You can hand wash your wetsuit in the tub once every three or four triathlons. Fill the tub with cool water and wash the wetsuit by hand. Never use the washing machine, as the heat and spin cycle will damage the material of the wetsuit and possibly render it unusable.
You can wash it with a wetsuit shampoo, like O’Neill Wetsuit Cleaner or Gear Aid Revivex Wetsuit & Drysuit Shampoo. These are designed to cleanse the wetsuit and remove chlorine, residue, and other contaminants. You can also use mild baby shampoo.
Make sure that you rinse it very well after each wash and leave no soap on it before you leave it out to dry.
5. Hanging and Drying
Make sure to dry your wetsuit properly after washing it. Never put it in the dryer, as the heat is sure to damage the fabric. Also, never leave it in a hot vehicle.
Air drying will be sufficient as long as the wetsuit is left in a well-ventilated area that isn’t in direct sunlight. Hang the wetsuit up on a hanger and find a spot that’s in the shade. Wind can help, as long as it’s not going to blow the wetsuit off and onto the ground.
It’s best to not hang your wetsuit by the shoulders as you would hang a jacket. Try to find a hanger that you can hang the wetsuit on by folding it in half and hanging it by the waist.
Hanging it this way will help to prevent stretching in the shoulders that will also damage the suit. You will need to turn the wetsuit over to dry both sides, which helps to prevent bacterial growth.
When your wetsuit is dry, you should store it in a cool, dry, and dark area. This way, it won’t be able to be damaged by sunlight or heat.
Fold your wetsuit by folding the legs and arms in on themselves. Then, fold them into the middle and lay the wetsuit flat.
7. Patch Tears and Holes When You See Them
If your wetsuit does get a hole in it, patch it up as soon as you notice it. Even a small tear can quickly develop into a large one, especially if you swim with the damaged suit.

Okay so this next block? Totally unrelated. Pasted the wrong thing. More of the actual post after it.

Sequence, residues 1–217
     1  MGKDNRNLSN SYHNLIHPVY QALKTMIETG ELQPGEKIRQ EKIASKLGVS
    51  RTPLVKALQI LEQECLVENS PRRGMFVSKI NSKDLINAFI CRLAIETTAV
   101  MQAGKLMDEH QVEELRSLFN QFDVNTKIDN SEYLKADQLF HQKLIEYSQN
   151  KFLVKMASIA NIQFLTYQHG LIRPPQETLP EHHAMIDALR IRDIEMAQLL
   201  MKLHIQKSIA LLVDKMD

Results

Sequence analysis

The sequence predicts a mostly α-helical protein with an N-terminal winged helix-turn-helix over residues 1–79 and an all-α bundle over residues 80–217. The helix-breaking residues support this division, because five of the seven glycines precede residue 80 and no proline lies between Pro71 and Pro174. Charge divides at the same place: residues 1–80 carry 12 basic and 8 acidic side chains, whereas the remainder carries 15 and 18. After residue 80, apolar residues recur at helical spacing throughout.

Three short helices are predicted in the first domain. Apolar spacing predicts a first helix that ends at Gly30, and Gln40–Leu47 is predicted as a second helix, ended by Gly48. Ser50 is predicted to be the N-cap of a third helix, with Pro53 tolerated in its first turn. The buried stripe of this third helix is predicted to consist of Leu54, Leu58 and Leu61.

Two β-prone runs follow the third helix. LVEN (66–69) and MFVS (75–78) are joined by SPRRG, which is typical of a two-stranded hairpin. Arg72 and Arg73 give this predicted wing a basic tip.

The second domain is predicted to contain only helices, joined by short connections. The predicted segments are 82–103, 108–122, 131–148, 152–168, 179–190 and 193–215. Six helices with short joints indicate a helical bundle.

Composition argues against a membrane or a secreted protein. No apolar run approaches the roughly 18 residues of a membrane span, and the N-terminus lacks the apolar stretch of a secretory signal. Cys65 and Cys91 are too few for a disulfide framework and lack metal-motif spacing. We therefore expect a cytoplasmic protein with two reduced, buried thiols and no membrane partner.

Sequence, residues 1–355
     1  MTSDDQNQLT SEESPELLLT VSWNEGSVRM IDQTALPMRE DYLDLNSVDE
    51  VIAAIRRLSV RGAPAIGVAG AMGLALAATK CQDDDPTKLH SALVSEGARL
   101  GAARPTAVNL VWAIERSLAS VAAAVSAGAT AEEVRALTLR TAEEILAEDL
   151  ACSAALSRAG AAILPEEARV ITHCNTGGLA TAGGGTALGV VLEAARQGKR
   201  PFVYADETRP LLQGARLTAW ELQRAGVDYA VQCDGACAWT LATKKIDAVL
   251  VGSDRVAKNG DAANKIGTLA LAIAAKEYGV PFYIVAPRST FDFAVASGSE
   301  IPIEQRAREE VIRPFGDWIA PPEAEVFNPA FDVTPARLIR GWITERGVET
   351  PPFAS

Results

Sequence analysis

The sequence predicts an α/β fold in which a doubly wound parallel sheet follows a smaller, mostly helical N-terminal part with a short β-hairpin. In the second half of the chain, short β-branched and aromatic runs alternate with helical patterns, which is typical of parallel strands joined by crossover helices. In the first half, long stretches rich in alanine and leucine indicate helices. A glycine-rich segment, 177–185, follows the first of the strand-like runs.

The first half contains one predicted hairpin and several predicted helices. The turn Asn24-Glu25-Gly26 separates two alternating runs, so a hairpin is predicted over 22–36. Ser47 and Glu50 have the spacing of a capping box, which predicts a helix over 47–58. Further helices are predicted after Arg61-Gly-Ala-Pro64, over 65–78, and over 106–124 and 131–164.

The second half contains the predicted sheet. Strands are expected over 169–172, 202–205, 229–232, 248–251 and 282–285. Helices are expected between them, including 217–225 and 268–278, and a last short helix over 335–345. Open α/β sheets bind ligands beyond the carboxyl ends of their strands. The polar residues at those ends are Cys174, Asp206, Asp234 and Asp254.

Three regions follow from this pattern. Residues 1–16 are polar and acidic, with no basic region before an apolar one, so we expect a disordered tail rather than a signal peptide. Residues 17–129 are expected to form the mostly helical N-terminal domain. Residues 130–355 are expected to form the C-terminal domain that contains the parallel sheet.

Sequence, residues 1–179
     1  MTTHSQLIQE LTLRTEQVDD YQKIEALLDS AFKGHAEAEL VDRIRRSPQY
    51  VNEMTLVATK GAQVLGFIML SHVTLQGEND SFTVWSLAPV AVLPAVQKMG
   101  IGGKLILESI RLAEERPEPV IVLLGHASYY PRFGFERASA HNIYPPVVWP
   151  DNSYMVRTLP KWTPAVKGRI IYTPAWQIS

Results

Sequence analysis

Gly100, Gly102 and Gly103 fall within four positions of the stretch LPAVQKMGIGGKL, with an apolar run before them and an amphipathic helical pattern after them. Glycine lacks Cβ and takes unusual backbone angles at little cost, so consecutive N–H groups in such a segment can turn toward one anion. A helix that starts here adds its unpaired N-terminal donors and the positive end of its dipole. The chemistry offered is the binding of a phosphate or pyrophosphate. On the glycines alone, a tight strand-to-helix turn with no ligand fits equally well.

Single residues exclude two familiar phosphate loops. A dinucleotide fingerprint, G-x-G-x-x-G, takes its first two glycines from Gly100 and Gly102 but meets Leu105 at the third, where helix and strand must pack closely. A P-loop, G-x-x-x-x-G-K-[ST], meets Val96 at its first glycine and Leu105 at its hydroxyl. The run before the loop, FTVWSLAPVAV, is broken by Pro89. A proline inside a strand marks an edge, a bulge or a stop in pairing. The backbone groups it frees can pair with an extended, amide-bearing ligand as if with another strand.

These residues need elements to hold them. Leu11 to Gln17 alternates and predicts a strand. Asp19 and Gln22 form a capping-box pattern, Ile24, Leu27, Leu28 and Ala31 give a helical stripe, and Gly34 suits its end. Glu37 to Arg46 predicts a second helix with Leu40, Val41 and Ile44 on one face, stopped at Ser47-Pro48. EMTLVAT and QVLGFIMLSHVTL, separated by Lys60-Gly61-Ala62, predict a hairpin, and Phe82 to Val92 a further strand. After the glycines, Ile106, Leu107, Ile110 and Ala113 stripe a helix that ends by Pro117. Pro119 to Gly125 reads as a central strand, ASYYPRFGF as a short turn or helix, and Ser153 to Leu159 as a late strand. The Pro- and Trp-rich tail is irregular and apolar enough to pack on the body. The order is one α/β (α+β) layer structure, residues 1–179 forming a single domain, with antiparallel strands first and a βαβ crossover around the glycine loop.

You can buy neoprene patches like the Gear Aid Wetsuit Repair Kit to keep with you in case you need to do a quick repair.
You can also use something like Gear Aid Aquaseal NEO Contact Cement, which is a kind of glue designed to repair small tears or cracks in your wetsuit. It dries very quickly so you can perform fast repairs if you need to.
How Long Do Wetsuits Last for Triathlons?
If you only use your wetsuit in a pool for training, chances are it will last longer. But if you’re wearing it in open water for triathlons, it can wear out faster due to the conditions in which you’re using it.
In open water, there may be hazards like branches or residue that could damage the material of the wetsuit. When you get out of the water, you’re rushing towards the transition area and small tears and stretches can happen quickly in these rushed moments.
How long your wetsuit lasts depends on how many triathlons you do and how many times you use your wetsuit. The more often you use it, the more wear and tear it will pick up.
But if you look after your wetsuit in between races, you can help to expand its lifespan significantly.